Governor Daniel Tarullo of the Federal Reserve advocated a measure last week that would limit the size of banks by capping their non-deposit liabilities at a certain percentage of the nation’s gross domestic product.
Tarullo’s statement comes at a time of fierce debate over the 2010 Dodd-Frank Act, which has been criticized as being too complex and protective of “too-big-to-fail” institutions.
Simon Johnson, a professor at the Massachusetts Institute of Technology who has advocated limiting the size of banks, said that Tarullo’s statements “mark a significant—perhaps even dramatic—shift in thinking at the central bank,” DealBook reports.
Tarullo’s proposal would focus on limiting non-deposit liabilities, or borrowing by banks to finance themselves that excludes deposits. Legislation would be required to establish the percentage at which non-deposit liabilities would be capped.
At the end of June, JPMorgan Chase had $1.24 trillion of non-deposit liabilities, which represents eight percent of America’s GDP. If legislation capped non-deposit liabilities at five percent, Chase would be required to rid itself of the excess borrowings, which would essentially reduce the bank’s size, according to DealBook.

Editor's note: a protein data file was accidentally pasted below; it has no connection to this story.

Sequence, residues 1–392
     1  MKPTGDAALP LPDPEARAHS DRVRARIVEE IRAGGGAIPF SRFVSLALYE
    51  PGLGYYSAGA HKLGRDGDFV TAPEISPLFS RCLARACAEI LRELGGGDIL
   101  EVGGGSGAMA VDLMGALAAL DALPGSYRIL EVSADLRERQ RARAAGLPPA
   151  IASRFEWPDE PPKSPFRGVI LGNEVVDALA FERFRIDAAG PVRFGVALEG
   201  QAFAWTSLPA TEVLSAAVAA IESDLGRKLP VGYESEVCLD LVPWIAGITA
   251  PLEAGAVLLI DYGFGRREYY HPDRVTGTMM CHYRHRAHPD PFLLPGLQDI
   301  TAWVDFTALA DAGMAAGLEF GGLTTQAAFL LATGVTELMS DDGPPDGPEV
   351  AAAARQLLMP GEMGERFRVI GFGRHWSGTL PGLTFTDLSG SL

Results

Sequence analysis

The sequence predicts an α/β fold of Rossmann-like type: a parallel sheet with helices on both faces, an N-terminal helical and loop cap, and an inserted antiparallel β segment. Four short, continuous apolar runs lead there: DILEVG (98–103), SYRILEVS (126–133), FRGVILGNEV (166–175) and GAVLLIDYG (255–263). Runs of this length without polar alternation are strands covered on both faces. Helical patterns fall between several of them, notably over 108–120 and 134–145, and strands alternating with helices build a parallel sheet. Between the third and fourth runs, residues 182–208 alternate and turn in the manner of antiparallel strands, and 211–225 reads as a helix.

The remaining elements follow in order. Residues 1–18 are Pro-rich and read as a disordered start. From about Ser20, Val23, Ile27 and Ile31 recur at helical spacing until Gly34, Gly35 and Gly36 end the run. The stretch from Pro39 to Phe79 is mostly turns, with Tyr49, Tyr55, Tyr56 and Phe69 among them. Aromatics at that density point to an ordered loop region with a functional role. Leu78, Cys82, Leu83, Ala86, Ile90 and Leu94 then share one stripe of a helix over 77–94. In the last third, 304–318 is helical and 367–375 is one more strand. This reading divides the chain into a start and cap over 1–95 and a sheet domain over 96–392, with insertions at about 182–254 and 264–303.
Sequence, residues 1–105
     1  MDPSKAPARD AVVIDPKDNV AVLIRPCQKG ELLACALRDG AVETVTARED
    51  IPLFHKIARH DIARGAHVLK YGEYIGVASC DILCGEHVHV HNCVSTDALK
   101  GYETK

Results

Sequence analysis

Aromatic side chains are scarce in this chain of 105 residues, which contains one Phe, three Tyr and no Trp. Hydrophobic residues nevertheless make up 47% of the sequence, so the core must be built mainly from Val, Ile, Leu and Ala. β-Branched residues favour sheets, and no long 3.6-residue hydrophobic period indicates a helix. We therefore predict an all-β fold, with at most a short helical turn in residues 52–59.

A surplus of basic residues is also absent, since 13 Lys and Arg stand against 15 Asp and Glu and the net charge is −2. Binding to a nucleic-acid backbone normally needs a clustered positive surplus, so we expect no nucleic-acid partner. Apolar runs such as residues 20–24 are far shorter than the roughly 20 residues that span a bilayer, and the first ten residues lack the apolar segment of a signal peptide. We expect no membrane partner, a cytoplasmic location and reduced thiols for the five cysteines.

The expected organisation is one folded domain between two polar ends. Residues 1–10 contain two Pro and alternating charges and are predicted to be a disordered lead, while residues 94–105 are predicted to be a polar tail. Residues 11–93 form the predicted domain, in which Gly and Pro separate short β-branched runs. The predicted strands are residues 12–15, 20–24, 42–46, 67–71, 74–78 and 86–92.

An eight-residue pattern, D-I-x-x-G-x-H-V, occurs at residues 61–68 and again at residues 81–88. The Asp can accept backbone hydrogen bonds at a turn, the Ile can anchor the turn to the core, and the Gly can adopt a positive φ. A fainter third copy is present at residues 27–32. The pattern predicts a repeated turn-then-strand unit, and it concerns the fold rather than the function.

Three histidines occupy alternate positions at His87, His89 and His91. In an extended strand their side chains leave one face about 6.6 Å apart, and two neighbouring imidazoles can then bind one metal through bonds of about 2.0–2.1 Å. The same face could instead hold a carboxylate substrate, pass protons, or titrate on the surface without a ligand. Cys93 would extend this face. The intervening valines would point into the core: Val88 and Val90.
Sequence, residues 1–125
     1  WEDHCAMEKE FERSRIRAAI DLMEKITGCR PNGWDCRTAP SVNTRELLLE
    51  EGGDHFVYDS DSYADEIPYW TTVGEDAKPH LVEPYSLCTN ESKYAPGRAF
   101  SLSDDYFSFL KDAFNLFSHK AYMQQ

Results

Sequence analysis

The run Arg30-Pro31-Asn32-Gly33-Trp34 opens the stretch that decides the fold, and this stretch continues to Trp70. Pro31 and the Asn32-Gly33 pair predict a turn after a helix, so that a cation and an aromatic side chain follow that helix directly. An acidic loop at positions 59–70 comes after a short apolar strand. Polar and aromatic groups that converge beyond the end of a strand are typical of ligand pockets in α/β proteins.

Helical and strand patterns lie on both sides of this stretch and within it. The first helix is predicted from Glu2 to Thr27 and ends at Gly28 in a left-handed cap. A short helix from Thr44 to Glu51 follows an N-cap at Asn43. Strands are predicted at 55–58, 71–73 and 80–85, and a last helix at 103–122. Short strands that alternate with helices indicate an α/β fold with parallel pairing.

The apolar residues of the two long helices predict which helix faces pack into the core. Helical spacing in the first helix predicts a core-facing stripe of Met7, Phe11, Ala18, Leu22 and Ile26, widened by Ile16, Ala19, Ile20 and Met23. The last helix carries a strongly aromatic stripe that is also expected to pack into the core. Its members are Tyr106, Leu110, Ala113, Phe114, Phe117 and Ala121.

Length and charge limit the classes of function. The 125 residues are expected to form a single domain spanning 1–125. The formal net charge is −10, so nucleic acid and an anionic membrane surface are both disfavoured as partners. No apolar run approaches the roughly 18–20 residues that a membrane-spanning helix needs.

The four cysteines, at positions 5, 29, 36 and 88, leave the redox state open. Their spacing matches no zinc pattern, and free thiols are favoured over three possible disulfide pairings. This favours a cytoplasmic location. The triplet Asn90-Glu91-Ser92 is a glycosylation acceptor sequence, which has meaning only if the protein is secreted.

Sen. Sherrod Brown (D-Ohio) introduced a bill earlier this year that would establish the cap at two percent of GDP, though the bill has not progressed since. The cap would force the largest U.S. banks, including Bank of America, Citigroup and Goldman Sachs, to reduce their size.
Other suggestions include a cap establishing a GDP percentage that would allow banks to maintain their current size but limit any future growth, DealBook reports.
Some critics of the cap maintain that it could discourage banks from issuing long-term debt, which can be a solid financing source during economic crises, while others say that efforts to limit the size of banks could be detrimental to the economy, as both large and small banks are necessary.
Michael S. Barr, a professor at the University of Michigan Law School and former assistant secretary to the U.S. Treasury, said that the numerous financial control mechanisms of Dodd-Frank would be more effective as opposed to one financial tool.
“I think it’s a mistake to think there’s some sort of silver bullet here,” Barr said, adding that eliminating portions of Dodd-Frank would be a mistake, according to DealBook. “If Congress took up reform, it would only be in the direction of weakening [Dodd-Frank], not strengthening it.”